Tales and Legends of the Tyrol | Annotated Tale

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Matz-Lauter, the Sorcerer of Brixen

MATTHIAS Lauter, generally known under the name of “Matz-Lauter,” was born at Brixen, and used to live on a mountain, near Latzfons. He was everywhere dreaded, for his sorceries surpassed the power of any other man to excel. There are still many people living in the neighbourhood who knew him, and can tell many curious things concerning him. Matz used to wander about all the country through, because he could never find rest anywhere, and constantly visited the huts of the peasants, who willingly gave him all he asked for, to rid themselves of his company; and sometimes, out of thanks, he showed them a few of his tricks.

               One day, in the common room of a farm belonging to a well-to-do peasant, he made in each of the four corners a different sort of weather at the same moment. In one corner the sun shone, in the second it was dark, and the wind was whistling gloomily; in the third, soft warm rain was falling; and in the fourth, a terrific storm of thunder, lightning, and hail was going on. At another time, he forced fowls, which were on the opposite side of the Eisach valley, to fly over to him and lay eggs at his feet, of which he made a present to the farm-people who had been kind to him.

               It was generally believed that his art came from the devil, which, however, has been contradicted by the fact that he tormented and dared the old gentleman far more than any one had ever done before, and it is recounted as perfectly certain that once he forced him to clear a way through a forest, through which it was impossible for even a goat to pass, and with such rapidity that he could ride behind on a fast-galloping horse. Another time he forced his Satanic Majesty to catch an enormous mountain oak, which he pitched down to him from a height of four thousand feet.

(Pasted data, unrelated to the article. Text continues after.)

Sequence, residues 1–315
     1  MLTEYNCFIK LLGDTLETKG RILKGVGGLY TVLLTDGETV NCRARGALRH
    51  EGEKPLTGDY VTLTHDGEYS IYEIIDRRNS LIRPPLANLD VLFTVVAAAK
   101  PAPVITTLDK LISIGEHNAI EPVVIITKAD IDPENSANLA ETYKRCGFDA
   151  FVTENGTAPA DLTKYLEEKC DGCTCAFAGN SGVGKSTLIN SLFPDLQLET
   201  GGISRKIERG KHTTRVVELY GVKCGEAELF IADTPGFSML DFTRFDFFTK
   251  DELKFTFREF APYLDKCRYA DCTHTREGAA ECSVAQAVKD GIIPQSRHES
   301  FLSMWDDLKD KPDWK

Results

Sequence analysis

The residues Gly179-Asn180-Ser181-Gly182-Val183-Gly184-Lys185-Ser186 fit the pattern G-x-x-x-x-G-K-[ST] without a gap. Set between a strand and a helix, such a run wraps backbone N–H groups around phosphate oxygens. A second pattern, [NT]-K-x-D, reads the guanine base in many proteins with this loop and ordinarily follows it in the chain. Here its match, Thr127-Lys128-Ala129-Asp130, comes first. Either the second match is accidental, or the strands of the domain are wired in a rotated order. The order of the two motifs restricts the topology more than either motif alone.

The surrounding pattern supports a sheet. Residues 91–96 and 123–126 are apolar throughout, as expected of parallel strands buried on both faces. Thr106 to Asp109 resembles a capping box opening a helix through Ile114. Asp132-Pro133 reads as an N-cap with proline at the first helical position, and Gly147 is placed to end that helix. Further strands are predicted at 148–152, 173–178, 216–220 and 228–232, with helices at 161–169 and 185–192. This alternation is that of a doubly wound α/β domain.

Matz-Lauter was also much dreaded as a weather-maker, and often boasted that hating mankind, he took pleasure in harming them; and he confessed that only the ringing of consecrated bells had any control over his power, and if round about there had not been the bells of the chapel of St. Anton, near Feldthurns, those of the church of Laien, the enormous clock of the chapel of Latzfons, and the shrill sounds of the belfry of the chapel of St. Peter, a little pilgrimage about two miles from Latzfons, and a mile or so from his own hut, he would long since have reversed the huge mountain, which stands over the village of Latzfons, and buried in its ruins all who lived on or beneath it.

               One day Matz-Lauter was found by some huntsman dead on the mountain, and directly the news spread, every one wanted to climb up and see his body; but it had disappeared, and even now every peasant of the neighbourhood is certain that the devil carried off the body of the sorcerer, after having first claimed his soul.

Bibliographic Information

Tale Title: Matz-Lauter, the Sorcerer of Brixen
Tale Author/Editor: Günther, Comtesse Marie A. von
Book Title: Tales and Legends of the Tyrol
Book Author/Editor: Günther, Comtesse Marie A. von
Publisher: Chapman and Hall
Publication City: London
Year of Publication: 1874
Country of Origin: Austria
Classification: unclassified

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